1. Hello again! One design aspect of the 500H deserves note. It appears to have one local oscillator transformer, and five I.F. transformers. But this is NOT the case, and for a very important reason. Beginning with the 500-D “long distance” model in 1958, Zenith added an [untuned] R.F. amplifier stage, which greatly increased the sensitivity of the radio. The previous “500” models had the typical 3 I.F. transformers — but don’t kid yourself: because of the precision and hi-Q design, these sets (even the 1955-early 1956 hand-wired versions) had astounding selectivity; in fact, this “tight” tuning was difficult on the early asts without vernier tuning! But the 500H had high I.F. gain and 4 I.F. “cans”. As most of us know, the I.F. sections of radios tend to radiate R.F.: you will finf a “dead” carrier 455 kcs. above the frequency to which you are tuned, within short range of the radio. The 455kcs. I.F. amplification also radiates WITHIN the radio itself and is re-received by the internal ferrite antenna, creating a feed-back loop. To a degree, this aids both in sensitivity and selectivity — but, should the internal signal feed back too strongly, the radio becomes rife with gain-noise and even can go into oscillation. Add an untuned stage of R.F. amplification — and you make the problem far worse! And Zenith solved this situation with a tuned 455 kcs. transformer ahead of the I.F. stages, to bleed the 455 kcs. feed-back artifacts off to ground, after they have been amplified through the R.F. stage. Some technicians, not understanding this feature, instinctively tune all 455 kcs. transformers for maximum — then they wonder why they have high gain-noise with their selectivity, and their 500H breaking into oscillation below @ 700 kcs.: the PROBLEM is, that FIRST transformer needs to be set for MINIMUM, so it is bleeding the maximum amount of 455 kcs. reaching it, to ground. The more accurately that this is done, the lowest gain-noise you will have, as well as fewer “artifacts” at 910 kcs. And 1360/1370 kcs. (second and third harmonics, respectively, of 455 kcs.). The sound of the radio will be much cleaner and clearer. Now, before I leave you, I have a modification to improve the sound even more, IF your particular 500H is capable of the expanded audio-bandwidth (the speakers and audio-transformers in these sets vary in capability at the frequency-extremes). C-2 (a bypass to ground of 50 mfd.) can be increased to 1000 mfd., extending the bass. The radio will instantly sound warmer, richer, and a bit louder — and some of these radios also will go well below 100 c.p.s. — though at lesser volune than at mid-frequencies. Since these radios give a bright and lean crisp audio presentation, the added richness and warnth are welcome. But the added bass might tax the audio section — so listen closely — if there is a hint of distortion in the bass, then back-off to 500 mfd. or less. With patience, you will establish a value for that electrolytic condenser which works ideally for your 500H. Now, here is the final touch. Zenith put a .22 bright yellow-orange tubular condenser across the audio-output (easily seen near the bottom of the circuit-board); this was designed to soften hiss on weak stations and remove the 10 kcs. adjacent channel heterodyne “whistle”. But, in 1961, A.M. stations were severely restricted aboce 5,000 c.p.s., to minimise adjacent-channel interference — and so, filtering-out the top octave made sense when this radio was made. But relaxation of F.C.C. restrictions now allows high quality audio on A.M. with high frequencies never heard on A.M. in 1961. And so, as your final “mod”, remove this high frequency filter condenser from the circuit — and the clarity will open right-up, revealing F.M.-like sweetness on stations with the best in “processing”. Once you have made these two modifications, you will find you 500H transformed from a “big” sounding, room-filling “pocket” radio, into a “high fidelity” set which sounds several times its size, and is MUCH “cleaner” than even large portables such as the General Electric “Superadio”. The latter might produce a “juke-box” bass-quantity — but your Zenith will sound MUCH clearer, and will be even more joyful for both listening and DX-ing. Try the “graveyard” channels (1230, 1240, 1340, 1400, 1450, or 1490) — and you enter a new world of discerning individual stations within the jumbled bedlam on these frequencies at night! The 500H, because of its size, cannot be the “last word” in absolute sensitivity — but it isn’t too far from the best, either. Add a Select-A-Tenna for improved signal-gain — and you’re “off-to-the-races”, easily holding your own against any portable out there! One minor caviat on the audio-mod: Your battery-life will be about 90% of what it had been — because your audio-circuit is using a bit more “juice” (part of this will simply be your enjoyment of the notably “larger” sound). And others nearby will notice and wonder how you get such a rich and large presentation out of such a small set.????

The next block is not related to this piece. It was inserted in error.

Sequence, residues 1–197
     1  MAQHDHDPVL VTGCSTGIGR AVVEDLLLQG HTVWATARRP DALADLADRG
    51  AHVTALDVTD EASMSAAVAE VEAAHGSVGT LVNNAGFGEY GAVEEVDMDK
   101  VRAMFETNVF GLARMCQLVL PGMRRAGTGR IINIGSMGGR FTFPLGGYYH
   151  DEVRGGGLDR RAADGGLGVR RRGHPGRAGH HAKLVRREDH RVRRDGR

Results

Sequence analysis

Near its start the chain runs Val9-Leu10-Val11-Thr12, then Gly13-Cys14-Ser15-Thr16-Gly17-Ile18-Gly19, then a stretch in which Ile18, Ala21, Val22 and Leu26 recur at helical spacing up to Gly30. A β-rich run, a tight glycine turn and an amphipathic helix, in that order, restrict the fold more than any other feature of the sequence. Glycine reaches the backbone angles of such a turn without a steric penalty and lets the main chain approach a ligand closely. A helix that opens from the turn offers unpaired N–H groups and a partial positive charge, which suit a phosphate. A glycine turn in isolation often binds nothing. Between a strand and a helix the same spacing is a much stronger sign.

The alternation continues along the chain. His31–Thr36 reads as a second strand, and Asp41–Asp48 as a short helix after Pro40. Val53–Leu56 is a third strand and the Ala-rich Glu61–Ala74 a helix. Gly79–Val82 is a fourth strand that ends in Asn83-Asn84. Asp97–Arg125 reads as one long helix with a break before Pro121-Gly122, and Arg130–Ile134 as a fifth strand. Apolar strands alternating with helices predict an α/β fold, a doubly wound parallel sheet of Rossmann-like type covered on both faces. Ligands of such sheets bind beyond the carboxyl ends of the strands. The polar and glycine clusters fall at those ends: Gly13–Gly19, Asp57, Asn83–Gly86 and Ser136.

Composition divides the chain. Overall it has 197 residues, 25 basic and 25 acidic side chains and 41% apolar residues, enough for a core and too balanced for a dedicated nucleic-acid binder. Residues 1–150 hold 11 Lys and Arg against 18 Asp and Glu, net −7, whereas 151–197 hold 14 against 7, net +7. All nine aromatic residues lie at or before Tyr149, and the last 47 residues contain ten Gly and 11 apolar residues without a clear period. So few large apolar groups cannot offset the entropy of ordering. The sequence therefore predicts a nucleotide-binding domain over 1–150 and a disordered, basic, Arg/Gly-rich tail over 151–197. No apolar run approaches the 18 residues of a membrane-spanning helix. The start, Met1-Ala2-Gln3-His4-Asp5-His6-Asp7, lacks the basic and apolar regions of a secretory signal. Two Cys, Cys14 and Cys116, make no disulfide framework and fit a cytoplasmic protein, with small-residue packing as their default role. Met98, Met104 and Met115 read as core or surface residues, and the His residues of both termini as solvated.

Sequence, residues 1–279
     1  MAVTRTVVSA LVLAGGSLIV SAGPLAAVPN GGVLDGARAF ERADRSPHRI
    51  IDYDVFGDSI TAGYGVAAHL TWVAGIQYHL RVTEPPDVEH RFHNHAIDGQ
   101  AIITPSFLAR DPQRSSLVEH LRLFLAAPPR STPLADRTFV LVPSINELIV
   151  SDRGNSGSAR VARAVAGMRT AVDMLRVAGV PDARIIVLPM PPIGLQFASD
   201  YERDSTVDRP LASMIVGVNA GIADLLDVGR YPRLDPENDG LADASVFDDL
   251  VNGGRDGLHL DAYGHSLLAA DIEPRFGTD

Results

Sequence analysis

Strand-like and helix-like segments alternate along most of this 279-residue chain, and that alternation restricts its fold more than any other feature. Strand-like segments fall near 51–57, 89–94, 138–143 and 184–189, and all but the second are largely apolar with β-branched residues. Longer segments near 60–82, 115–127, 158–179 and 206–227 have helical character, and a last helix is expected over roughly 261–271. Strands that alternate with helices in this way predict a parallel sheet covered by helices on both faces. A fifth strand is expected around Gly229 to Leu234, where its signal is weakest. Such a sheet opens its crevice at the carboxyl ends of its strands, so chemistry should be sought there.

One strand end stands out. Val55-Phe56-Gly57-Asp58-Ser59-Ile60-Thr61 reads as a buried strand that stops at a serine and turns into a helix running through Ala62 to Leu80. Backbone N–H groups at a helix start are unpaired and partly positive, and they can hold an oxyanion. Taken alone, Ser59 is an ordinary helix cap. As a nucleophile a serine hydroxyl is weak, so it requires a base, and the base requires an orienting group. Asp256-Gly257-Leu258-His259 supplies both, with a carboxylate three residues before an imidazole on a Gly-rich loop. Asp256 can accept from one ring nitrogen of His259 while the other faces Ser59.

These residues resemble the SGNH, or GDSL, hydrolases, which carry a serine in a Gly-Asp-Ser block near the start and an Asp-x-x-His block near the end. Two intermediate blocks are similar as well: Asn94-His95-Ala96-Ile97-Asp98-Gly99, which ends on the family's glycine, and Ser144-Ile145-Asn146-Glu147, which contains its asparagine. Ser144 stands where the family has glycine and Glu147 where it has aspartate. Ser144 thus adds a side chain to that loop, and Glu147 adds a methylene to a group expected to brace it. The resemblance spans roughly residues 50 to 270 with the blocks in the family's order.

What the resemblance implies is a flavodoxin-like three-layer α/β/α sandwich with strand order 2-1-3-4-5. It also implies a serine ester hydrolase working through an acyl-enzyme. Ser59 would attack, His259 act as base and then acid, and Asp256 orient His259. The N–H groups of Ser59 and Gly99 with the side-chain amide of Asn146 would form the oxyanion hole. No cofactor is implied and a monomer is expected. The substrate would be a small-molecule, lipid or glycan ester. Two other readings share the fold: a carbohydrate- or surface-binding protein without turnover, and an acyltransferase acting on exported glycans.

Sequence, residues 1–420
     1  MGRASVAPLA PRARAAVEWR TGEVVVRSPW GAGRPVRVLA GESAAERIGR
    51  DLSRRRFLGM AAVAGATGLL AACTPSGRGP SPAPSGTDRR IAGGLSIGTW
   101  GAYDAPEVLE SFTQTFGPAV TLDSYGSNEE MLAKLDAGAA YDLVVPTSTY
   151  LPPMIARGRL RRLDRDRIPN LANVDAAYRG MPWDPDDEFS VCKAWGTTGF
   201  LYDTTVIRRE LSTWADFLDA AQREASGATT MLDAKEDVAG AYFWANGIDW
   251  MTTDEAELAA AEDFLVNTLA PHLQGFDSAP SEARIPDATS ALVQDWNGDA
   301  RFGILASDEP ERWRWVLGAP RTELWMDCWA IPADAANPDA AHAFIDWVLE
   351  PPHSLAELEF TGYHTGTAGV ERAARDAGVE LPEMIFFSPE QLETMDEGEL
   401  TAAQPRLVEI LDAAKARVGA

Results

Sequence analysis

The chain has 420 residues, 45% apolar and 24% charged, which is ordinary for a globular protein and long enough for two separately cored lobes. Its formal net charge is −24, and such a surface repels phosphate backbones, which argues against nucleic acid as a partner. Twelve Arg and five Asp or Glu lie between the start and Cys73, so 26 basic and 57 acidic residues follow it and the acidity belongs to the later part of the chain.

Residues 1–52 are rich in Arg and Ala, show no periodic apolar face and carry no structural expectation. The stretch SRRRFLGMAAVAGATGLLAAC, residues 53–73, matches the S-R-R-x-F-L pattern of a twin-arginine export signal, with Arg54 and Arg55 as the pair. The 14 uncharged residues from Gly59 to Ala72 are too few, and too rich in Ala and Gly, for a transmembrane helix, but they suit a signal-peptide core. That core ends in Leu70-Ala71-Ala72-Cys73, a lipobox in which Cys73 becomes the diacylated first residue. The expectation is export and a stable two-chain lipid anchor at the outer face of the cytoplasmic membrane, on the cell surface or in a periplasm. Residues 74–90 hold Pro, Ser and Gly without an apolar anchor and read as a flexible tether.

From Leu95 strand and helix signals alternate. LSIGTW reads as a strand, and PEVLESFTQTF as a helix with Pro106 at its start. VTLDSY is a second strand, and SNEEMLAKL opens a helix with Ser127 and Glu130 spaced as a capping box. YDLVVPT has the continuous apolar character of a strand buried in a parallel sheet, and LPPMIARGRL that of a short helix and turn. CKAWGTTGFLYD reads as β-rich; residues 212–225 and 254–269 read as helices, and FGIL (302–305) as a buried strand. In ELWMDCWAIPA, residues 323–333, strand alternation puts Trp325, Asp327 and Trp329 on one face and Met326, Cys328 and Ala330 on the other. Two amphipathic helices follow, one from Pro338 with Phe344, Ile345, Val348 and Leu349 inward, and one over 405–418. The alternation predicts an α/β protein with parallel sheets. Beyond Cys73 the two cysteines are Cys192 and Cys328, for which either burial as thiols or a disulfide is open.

4. Another point about the 500H. There are two versions of the front oval speaker grille. One has a flat surface with punched holes and the other has a fabric weave-like texture. I do not know which came first or when the factory made the change.